Posted on August 6th, 2008 by Beth Finke
If you read my What do autism assistance dogs do? post, you know I was a little skeptical about tasks dogs might be able to do for people with autism.
But now, I have seen the light!
A well-written newspaper article about Nichelle Drew and her five-year-old son Kaleb, who has autism, helped me understand: autism assistance dogs can be particularly helpful with children who are apt to run away.
So far, none of the locks the Drews have installed has managed to keep him in. Nor have the weighted blankets that are intended to have a calming
effect managed to keep him in bed, Nichelle said.
And there are more potential dangers outside than strangers and traffic: the family lives by railroad tracks and a creek in Villa Grove, Nichelle said. To keep Kaleb safe, she said, she, her husband and a cousin take turns staying awake with him.
A service dog would be not only a companion for Kaleb but a watchdog who would try to stop Kaleb from running away, then alert the family if he did get out of the house and help find him through scent, she said.
Another mom, Casey, commented to my blog outlining her plans to train an autism assistance dog that would help keep her 7-year-old son from running away.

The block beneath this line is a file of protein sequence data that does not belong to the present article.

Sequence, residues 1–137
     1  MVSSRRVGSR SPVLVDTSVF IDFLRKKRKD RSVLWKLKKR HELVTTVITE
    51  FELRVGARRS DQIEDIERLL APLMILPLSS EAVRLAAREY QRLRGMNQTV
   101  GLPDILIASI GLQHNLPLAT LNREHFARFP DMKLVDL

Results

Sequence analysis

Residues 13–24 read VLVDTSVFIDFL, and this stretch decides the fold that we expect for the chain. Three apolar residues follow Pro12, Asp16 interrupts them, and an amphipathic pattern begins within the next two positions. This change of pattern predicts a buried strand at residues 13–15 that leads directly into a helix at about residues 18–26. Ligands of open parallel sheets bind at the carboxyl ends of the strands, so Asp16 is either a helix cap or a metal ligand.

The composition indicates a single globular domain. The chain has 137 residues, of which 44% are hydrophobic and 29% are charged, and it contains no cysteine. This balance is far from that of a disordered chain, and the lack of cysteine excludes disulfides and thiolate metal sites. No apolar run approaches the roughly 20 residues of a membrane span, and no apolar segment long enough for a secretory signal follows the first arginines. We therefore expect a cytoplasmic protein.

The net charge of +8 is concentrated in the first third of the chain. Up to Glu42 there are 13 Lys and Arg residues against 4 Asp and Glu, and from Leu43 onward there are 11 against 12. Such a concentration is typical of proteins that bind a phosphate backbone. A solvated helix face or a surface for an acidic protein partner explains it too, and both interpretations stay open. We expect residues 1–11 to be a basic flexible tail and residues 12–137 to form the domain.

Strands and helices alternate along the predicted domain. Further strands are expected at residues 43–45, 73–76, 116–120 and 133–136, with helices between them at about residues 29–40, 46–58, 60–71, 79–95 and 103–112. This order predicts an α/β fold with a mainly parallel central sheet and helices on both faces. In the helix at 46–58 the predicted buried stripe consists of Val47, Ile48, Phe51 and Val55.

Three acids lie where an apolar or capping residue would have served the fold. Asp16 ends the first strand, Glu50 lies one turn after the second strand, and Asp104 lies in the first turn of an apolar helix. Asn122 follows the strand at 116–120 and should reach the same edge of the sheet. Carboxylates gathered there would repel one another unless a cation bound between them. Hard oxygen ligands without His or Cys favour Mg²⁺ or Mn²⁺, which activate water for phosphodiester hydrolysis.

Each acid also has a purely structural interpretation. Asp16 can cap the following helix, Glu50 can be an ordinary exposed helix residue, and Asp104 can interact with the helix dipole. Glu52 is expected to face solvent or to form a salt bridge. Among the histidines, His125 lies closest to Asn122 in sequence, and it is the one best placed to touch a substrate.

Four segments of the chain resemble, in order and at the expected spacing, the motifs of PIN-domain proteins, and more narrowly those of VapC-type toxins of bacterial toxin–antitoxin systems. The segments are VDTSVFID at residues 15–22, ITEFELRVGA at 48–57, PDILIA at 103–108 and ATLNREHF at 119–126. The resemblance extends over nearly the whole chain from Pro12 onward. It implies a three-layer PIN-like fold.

I plan to have 2 leashes on the backpack harness that our dog will wear, one for Josh so he can act as if he is walking his own dog and I will have the other to be in control. There will be a smaller belt that will clip onto a safety belt that Josh will wear on his waist. If he is to run, I can control that darting by telling the dog to curb and stay. This is the ONE task we hope our dog will do to help us keep Josh safe out in public. /blockquote>
While Casey plans to train the dog for Josh on her own, the Drews are investing $13,500 to get a dog for Kaleb from Autism Service Dogs of America.
The cost is so high because the expense of training the dogs is so high, Taylor said. Most of the dogs are golden retrievers, Labrador retrievers and Golden/Lab mixes, and it takes two years to get them trained … She has placed about 20 dogs so far, but is gradually building up the number each year in hope of placing about 30 per year.
Taylor, by the way, doesn’t earn her living through service dogs. A former special-education teacher-turned-attorney, she covers her own living expenses with a private law practice, she said.
Her organization has had a couple of applications from adults with autism, she said, but she is focusing for now on placing dogs with children with autism who run away.
Okay, so I’m convinced. Autism assistance dogs could help prevent kids from running away. But I still question the training methods. If it really takes two years and $13,500 to train an autism assistance dog, how on earth will Casey have the know-how to do that specialized training on her own? Or might Casey have it right? Is two years of training and a $13,500 fee more than necessary to train a dog to keep a child with autism from running away? Either Casey is taking on too much, or the Drews are paying too much.